Child by Year

Year 2

What are some of the developmental milestones my child should reach by two years of age?

Your baby enters her second year and becomes a toddler, crawling vigorously, starting to walk, even talking a little.

By the time your toddler has her 2nd birthday. She will be old enough to understand some of what this means, if only for the presents and cake.

But it’s also a milestone in terms of her independence and increasing range of skills.

Exploring the boundaries established by your rules and her own physical and developmental limits will occupy much of her time for the next few years.

Here are some other milestones to look for.

Social Development

Solitary play, dependent on adult guidance, plays with dolls, refers to self by name, socially very immature, little concept of others as “people.” May respond to simple direction.

Intellectual Development

Says words, phrases and simple sentences, 272 words, understands simple directions, identifies simple pictures, likes to look at books, short attention span, avoids simple hazards, can do simple form board.

Physical Development

Runs well, marches, stands on one foot briefly, rides tricycle, imitates cross, feeds self well, puts on shoes and stockings, unbuttons and buttons, build tower of 10 cubes. Pours from jug.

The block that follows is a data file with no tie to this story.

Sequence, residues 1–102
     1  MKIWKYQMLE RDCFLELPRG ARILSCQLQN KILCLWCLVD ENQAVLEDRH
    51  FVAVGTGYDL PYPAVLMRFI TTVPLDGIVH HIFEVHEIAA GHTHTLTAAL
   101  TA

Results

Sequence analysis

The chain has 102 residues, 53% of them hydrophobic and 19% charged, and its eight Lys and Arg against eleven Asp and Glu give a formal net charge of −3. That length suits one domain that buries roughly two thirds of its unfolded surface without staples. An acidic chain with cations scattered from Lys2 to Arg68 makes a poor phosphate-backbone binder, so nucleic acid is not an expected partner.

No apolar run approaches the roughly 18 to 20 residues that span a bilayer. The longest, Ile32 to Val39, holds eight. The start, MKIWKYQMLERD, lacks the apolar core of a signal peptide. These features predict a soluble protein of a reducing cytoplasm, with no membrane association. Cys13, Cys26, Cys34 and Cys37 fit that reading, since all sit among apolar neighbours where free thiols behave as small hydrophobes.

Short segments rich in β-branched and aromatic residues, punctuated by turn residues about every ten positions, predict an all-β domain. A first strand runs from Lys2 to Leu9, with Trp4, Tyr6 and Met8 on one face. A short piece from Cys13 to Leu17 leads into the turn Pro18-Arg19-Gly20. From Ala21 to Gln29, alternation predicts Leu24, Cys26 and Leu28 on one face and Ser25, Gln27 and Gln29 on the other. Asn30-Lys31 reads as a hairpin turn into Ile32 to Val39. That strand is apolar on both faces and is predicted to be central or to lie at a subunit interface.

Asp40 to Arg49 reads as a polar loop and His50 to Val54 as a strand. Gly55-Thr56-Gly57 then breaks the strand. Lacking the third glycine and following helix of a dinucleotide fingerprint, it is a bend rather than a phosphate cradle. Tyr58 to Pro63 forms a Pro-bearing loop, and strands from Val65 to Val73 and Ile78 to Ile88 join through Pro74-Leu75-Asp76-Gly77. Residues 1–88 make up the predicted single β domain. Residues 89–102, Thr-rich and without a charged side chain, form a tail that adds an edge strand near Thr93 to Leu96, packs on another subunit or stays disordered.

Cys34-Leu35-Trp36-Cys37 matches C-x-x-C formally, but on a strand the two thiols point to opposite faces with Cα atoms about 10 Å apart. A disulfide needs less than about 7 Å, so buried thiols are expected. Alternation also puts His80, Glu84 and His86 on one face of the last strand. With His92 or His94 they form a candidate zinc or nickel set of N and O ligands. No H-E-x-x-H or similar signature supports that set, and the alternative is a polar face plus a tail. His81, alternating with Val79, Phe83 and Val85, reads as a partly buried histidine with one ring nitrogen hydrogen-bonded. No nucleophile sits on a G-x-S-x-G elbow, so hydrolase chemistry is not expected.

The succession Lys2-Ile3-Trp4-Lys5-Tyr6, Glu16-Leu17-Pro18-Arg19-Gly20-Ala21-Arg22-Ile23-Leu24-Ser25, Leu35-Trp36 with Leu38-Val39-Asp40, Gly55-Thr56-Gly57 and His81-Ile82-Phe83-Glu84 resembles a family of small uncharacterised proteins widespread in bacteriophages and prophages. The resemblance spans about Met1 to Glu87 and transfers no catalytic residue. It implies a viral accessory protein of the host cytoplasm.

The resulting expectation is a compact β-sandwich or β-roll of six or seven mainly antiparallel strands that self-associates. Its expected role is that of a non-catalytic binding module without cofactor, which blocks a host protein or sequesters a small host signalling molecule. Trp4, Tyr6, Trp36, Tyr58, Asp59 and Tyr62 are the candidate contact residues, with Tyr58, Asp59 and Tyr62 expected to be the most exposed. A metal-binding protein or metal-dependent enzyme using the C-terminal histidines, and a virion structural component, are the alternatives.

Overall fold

Emotional Development
Likes to conform, easy going attitude, not so resistive to change, more secure, greater sense of personal identity, beginning to be adventuresome, enjoys music.

Developmental health watch

Because each child develops at her own particular pace, it’s impossible to tell exactly when yours will perfect a given skill. The developmental milestones will give you a general idea of the changes you can expect as your child gets older, but don’t be alarmed if she takes a slightly different course. Alert your pediatrician, however, if she displays any of the following signs of possible developmental delay for this age range.

  • Cannot walk by eighteen months
  • Fails to develop a mature heel-toe walking pattern after several months of walking, or walks exclusively on her toes
  • Does not speak at least fifteen words by eighteen months
  • Does not use two-word sentences by age two
  • Does not seem to know the function of common household objects (brush, telephone, fork, spoon) by fifteen months
  • Does not imitate actions or words by the end of this period
  • Does not follow simple instructions by age two
  • Cannot push a wheeled toy by age two

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